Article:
Monday, June 20, 2011

SomeAudioGuy Mailbag - How Do I Get an Agent?

I've actually gotten this question a number of times. About time I answered it here on the blog!
Hey Audio Guy
I follow you on twitter @andrewtorresny...and I saw you mention in a post that you worked for Abrams. I gotta ask...if you're a working voice actor like me, with a competitive demo and resume and a union card, how on earth do you get signed by an agency? I feel I'm entrenched in low-paying spots until I do. Can you shed some light on this? And please follow me!
AKG C414 Laying Down - My all time favorite studio microphone!
Hey Andrew,
The agent game is a tricky one, and I'm afraid my advice probably wont be radically different than what others have written on the subject.

Ask a dozen different voice actors with representation HOW they got their first agent, and you'll probably end up with a dozen different stories. There is no "trick" to getting an agent. There is no "system" to getting an agent. 

First and foremost, agents are people. People with an interest in fulfilling client relationships, and profiting off of packaging a product. As an actor, you need to be able to relate to them as such. Many agents do care about craft, performance, artistry, but mainly as it relates to how they can book talent on jobs.

They are in the business of building business relationships.

Part of the psychology of "the numbers game" in auditioning is making your voice more common and recognizable. By that I mean, the more you audition, the more familiar your voice will be to casting directors and producers. Psychologically they will start to "feel" like they've heard you in commercials or worked with you in the past. That "feeling" of work will start to beget actual work, as producers for the most part like to work with established talent. It's all a part of building a reputation. 

The agent search can be similar. They DON'T want to have to create all of your relationships from scratch. It puts a strain on THEIR relationships if they have to do this for EVERY new talent they sign. They want to have the perception that signing you will please their relationships and ADD to their rolodex. It's about sharing the wealth in a way.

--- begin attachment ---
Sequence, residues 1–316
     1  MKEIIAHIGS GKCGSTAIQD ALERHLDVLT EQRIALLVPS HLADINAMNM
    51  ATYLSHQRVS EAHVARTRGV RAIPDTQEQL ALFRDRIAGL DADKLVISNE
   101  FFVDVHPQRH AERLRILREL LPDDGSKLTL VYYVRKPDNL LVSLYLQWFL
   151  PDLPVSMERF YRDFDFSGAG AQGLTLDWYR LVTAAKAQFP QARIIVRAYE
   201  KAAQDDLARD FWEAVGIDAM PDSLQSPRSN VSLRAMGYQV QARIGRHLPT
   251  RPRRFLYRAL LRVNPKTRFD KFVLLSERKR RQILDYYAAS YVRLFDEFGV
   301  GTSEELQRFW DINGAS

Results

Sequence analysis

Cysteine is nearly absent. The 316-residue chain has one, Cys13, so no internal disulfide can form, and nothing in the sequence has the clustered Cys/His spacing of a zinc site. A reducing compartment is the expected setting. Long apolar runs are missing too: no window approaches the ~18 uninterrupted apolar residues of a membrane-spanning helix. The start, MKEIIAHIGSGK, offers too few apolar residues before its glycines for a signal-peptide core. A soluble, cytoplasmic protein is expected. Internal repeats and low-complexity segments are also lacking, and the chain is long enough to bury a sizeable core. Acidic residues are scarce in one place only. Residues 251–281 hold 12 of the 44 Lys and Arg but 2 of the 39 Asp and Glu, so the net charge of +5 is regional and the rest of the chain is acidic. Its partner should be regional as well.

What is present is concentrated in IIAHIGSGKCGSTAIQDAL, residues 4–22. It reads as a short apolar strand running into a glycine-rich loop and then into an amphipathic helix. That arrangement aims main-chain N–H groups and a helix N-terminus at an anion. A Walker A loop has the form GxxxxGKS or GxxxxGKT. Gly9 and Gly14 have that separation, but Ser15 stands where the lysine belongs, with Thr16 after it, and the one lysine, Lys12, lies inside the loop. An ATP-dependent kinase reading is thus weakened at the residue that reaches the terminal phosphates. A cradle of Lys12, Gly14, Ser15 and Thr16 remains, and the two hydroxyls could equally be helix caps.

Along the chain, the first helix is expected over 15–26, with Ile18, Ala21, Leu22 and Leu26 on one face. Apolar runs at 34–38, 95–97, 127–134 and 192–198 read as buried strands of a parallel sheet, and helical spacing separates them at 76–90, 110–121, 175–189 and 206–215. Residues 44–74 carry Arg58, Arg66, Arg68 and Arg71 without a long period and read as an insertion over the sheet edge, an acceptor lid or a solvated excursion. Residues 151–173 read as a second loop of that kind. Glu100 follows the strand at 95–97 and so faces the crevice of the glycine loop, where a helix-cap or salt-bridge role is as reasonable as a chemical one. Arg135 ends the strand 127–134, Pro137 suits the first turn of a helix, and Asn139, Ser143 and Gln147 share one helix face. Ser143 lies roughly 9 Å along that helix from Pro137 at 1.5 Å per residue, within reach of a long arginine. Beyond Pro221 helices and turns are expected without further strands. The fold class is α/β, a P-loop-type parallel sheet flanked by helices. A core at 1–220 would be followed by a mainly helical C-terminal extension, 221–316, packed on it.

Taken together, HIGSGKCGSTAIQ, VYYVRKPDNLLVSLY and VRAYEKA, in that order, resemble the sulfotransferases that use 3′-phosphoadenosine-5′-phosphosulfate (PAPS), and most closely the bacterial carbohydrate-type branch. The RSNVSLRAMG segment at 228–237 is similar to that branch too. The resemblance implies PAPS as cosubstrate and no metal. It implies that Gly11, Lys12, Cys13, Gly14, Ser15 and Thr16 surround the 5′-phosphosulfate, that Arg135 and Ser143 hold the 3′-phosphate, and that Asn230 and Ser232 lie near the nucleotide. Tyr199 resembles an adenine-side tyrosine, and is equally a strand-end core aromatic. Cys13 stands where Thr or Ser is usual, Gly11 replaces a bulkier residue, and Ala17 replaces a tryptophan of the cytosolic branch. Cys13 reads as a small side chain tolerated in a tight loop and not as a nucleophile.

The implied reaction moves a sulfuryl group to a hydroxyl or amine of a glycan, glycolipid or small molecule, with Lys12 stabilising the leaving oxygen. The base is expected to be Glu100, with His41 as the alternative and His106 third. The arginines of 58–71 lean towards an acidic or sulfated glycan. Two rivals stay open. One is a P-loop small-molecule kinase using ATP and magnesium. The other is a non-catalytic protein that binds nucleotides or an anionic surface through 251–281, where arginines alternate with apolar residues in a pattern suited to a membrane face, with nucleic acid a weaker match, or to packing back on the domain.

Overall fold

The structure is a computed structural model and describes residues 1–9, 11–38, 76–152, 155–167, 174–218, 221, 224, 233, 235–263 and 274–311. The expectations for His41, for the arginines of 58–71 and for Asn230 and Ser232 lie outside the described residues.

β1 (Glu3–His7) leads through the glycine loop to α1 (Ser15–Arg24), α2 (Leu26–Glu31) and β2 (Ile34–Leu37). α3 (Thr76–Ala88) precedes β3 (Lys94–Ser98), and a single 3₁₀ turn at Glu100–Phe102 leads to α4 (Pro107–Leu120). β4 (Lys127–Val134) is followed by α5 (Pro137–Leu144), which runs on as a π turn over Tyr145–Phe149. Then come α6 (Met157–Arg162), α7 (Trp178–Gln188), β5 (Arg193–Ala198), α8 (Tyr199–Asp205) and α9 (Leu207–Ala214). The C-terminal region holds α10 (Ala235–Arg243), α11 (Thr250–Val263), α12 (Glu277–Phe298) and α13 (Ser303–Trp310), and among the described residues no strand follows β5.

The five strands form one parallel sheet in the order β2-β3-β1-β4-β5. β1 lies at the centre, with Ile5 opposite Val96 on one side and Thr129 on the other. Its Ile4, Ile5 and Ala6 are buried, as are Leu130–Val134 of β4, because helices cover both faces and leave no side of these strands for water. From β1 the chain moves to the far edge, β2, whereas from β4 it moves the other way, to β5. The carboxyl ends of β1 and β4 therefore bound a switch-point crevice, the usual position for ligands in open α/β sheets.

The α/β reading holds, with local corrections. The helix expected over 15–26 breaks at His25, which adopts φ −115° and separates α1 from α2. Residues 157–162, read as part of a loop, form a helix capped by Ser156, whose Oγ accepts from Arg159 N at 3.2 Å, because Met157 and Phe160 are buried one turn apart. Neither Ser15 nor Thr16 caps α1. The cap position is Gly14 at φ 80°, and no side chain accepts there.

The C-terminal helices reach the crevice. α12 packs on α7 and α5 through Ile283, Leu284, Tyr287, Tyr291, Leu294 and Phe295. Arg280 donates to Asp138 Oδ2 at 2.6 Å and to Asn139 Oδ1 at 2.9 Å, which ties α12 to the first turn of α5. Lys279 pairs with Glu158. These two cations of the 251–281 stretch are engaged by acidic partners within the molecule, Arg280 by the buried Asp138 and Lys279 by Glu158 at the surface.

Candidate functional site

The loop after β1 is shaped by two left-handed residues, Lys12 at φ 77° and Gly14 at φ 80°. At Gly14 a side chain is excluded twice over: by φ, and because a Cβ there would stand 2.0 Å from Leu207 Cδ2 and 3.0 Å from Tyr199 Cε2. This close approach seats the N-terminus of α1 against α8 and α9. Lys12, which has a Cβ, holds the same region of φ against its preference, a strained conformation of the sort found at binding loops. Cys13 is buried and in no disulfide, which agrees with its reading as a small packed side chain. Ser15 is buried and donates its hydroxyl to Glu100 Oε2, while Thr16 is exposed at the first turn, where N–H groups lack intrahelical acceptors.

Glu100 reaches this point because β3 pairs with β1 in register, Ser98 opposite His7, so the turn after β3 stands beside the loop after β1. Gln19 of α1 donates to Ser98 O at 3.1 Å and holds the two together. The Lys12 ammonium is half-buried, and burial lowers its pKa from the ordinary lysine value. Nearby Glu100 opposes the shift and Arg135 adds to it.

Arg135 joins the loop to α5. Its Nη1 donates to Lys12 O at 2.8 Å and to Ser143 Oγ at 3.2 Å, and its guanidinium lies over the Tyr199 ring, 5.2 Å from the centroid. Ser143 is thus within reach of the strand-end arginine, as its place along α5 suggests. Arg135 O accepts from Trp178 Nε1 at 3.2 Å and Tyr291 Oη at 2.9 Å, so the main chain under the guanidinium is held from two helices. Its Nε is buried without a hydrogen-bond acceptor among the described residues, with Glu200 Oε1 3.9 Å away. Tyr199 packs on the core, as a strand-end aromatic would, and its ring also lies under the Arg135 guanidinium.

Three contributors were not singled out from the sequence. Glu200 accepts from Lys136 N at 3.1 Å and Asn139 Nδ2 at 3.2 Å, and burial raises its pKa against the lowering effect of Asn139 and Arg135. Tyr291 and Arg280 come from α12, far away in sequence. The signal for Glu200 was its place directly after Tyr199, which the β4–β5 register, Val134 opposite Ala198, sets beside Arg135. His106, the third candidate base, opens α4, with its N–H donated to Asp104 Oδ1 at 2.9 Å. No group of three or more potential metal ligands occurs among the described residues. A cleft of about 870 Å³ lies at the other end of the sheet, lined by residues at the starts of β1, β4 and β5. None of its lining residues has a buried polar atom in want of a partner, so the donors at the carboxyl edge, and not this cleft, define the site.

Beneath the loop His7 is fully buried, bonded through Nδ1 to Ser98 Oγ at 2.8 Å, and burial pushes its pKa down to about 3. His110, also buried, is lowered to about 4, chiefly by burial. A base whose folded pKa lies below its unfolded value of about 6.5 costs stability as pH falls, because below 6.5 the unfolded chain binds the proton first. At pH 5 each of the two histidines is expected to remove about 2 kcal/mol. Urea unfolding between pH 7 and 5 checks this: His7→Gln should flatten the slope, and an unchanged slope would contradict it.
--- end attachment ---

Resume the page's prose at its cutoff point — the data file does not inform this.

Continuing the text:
How do we create that perception? 

You've got to build some relationships to bring them. Classes, workshops, mixers, you need to go meet casting directors, and befriend other voice actors especially those at the agencies you want to be repped by. Referrals are HUGE. Having someone who the agent already respects vouch for you can make the difference between your demo getting a listen or not.

Keep agents, managers, and casting up to date on what you're working on. Emails are good, but often a personalized postcard will get a fraction of a second longer consideration before it's thrown away, than an email which might not even be opened before it's deleted. Again, people in the business relationship business want to be working with people who are ALREADY working. You want to keep people up to date, but you don't want to spam them.  

You have to know EXACTLY what product it is that you want the agent to sell. Your materials need to be top notch. They can't just be competitive for the web in general, they have to be competitive against the top bookers in your niche. You have to know who those people are. Personally, I'm something of a purist. If I listen to a commercial demo and hear character voices or newscaster recordings, I'm not apt to continue listening. If I want to hear animation, radio imaging,  or audiobook narration, I'll look up THOSE specific demos. 

Lastly, on the topic of agents being people (they are actually human, I swear) personality is tremendously important. Just like any other business partnership, you just might not vibe with a particular agent. You could have the potential to make an agent millions, and they still might not sign you if they don't think they'll want to work with you. It's not personal. Nobody wants to be stuck spending a lot of time working with someone if they dont get along.  

Now here's the catch. Those in this business of business relationships, we're REALLY good at spotting a phoney. We're all sorta Holden Caulfield-y that way.  If the only reason you're trying to be my pal, or bumping into me at mixers is for YOUR benefit, I'll not be likely to help you out. In fact I'll probably try to get away from you PDQ. However, those actors that present themselves as solutions to my problems, that they're working to help me out and aren't trying to scam me, I'm more likely to chat up that actor a bit more. If we share similar interests, and can build a genuine relationship, so much the better.

It's a lot of leg work, and a pretty serious time investment, but can reap some great rewards.  

Good luck,  and happy hunting. 


  1. Great advice, really enjoyed the article and from my experience all true.
    I'm a VO represented by the top agent in Australia and yeah it takes a lot of time and effort getting an agent, especially one of the top ones, but it definitely is worth the effort. After all, if you see it as a long term goal, then the immediate rejections don't become so disappointing.
    Friendly persistence is the key.

  2. So true Nick.
    If this is REALLY going to be a business, and not some "get rich quick scheme" then it needs to be treated as such.
    There are no short cuts.